It’s often said that a picture paints a thousand words. If that’s true then, 18 years since its inception, the Water Cartoon Calendar has produced enough material for an epic series of novels. A fixture of our water and sanitation products every year since 2000, it features cartoons combining humor with serious messages about important issues.
The calendar began at the start of this millennium under the auspices of the Water and Sanitation Program (WSP). Last year, ten partner agencies and the World Bank’s Water Global Practice launched the new Global Water Security & Sanitation Partnership (GWSP), an integrated platform for working alongside countries as they rise to their next water challenge. The GWSP builds on the foundations of the WSP as well as its other predecessor, the Water Partnership Program (WPP), and the calendar continues this legacy.
The global water crisis is a crisis of too much, too polluted and too little. At the World Bank, our job is to find and implement solutions to tackle this crisis. In the “Water Solutions” blog series, you’ll read about World Bank-supported projects in different countries which demonstrated solutions to the world’s most pressing water issues, to fulfill our vision for a water-secure world.
Since 2015, when armed conflict began, Yemen's water and sanitation infrastructure has suffered significant damages. Direct attacks on the infrastructure have been exacerbated by the lack of energy (electricity and fuel), spare parts, operation and maintenance funds, and three years of unpaid salaries of civil servant staff. This confluence of factors has undermined the robustness of water and sanitation systems in Yemen and contributed to the worst cholera outbreak in history. According to the World Health Organization, as of November 11, 2018, 1,300,495 suspected cholera cases and 2,609 deaths have been reported.
The upsurge of cholera cases is attributed to several risk factors, including a disruption of basic water and sanitation services, contaminated water sources in affected communities, an inability to treat sewage due to non-functional wastewater treatment plants, and the absence of garbage collection systems. More than 70 percent of the population (22 million people) requires assistance to access safe drinking water and sanitation. Basic water supply, sanitation and hygiene (WASH) infrastructure is on the verge of total collapse, and many internally displaced persons (IDPs) are at a particularly high risk, due to overcrowded shelters and settlements with inadequate water and sanitation facilities.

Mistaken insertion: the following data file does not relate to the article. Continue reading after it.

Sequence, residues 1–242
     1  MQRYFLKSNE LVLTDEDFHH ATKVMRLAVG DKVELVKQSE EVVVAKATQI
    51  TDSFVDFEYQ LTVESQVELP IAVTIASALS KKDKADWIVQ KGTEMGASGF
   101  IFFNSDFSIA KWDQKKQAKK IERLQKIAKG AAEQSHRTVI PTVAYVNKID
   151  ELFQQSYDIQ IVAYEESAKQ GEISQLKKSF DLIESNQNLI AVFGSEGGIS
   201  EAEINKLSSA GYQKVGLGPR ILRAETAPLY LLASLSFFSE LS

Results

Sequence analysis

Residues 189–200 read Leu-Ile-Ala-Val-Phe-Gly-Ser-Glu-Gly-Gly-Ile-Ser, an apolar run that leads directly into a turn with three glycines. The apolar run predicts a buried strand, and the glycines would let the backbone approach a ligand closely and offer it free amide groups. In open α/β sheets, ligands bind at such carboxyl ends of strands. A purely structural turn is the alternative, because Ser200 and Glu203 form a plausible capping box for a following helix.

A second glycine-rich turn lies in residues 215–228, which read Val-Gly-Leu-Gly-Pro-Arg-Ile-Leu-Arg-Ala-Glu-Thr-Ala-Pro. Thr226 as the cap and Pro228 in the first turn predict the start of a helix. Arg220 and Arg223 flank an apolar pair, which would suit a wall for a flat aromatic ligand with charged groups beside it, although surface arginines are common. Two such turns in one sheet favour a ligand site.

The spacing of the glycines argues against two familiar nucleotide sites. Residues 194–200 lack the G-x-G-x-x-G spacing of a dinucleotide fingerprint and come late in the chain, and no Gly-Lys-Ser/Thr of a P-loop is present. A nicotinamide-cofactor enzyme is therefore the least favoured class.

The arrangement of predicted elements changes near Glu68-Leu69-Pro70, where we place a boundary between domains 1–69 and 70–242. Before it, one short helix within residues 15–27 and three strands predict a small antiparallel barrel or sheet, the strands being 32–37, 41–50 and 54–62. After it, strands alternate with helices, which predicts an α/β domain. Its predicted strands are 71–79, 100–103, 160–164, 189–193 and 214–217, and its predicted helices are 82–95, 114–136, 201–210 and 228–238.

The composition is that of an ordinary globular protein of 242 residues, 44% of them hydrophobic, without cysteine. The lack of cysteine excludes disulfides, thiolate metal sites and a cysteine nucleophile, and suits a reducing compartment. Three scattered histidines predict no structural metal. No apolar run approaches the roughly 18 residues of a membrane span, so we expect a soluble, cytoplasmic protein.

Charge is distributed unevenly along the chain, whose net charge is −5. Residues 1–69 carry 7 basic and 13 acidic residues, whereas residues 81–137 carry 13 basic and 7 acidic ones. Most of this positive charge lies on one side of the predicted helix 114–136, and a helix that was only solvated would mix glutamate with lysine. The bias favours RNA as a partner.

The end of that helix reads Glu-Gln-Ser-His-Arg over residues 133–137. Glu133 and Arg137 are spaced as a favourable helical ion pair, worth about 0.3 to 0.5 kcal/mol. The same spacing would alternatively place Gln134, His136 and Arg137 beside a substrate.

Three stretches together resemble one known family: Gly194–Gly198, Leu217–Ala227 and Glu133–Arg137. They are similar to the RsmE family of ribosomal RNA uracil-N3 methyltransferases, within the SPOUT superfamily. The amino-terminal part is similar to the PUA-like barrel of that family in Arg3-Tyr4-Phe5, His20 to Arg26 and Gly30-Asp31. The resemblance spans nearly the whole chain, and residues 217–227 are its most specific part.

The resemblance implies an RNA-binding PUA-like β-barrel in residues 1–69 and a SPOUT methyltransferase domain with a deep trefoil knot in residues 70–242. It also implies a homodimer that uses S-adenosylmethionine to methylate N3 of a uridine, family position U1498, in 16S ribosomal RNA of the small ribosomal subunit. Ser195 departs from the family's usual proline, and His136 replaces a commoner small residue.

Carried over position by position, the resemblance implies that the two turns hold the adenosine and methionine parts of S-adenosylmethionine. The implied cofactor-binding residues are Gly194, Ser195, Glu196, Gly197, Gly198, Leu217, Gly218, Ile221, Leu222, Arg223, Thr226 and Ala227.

As COP24 in Poland reaches its mid-point, it is becoming distressingly obvious that reaching the Paris Agreement goal of limiting global warming to well below 2 degrees Centigrade will be extremely challenging. Recognizing that millions of people across the world are already facing the severe consequences of more extreme weather events, the World Bank Group’s newly announced plan on climate financing for 2021-2025 includes a significant boost for adaptation.
“California, here we come!” I was singing this phrase in my head all morning a few weeks ago as I flew from Washington DC to Los Angeles to accompany a Government of Botswana study tour delegation. The phrase comes from a song by the group Phantom Planet and is the anthemic intro for the mid-2000s television series “The OC” (OC, standing for Orange County).
I know it’s cheesy, but I really love this song. So do my children. They obsess over the melody as we gear up for our annual trip to visit extended family in the great Golden State. To them, it represents a new world, different landscapes, excitement, and that all-too-familiar pull of the western USA…possibility.
To me it represents many of the same things, but for this trip it was ringing in my ears for related, albeit slightly different reasons. On that flight I was still thinking of this lure of the possible, but specifically related to the topic of water. The possibility to thrive with very little water in a semi-arid desert climate. California has mastered this skill, and we were there to learn from some of the very best examples that the state has to offer. Botswana faces many similar threats to water security, such as increasing droughts from climate change, growth in demand, and significant infrastructure needs.
The World Bank Water Global Practice organized this technical exchange at the request of Botswana’s Honorable Kefentse Mzwinila, Minister of Land Management, Water, and Sanitation Services. To meet their request, we organized three strategic stops in California, as well as subsequent meetings with World Bank and IFC staff in Washington DC.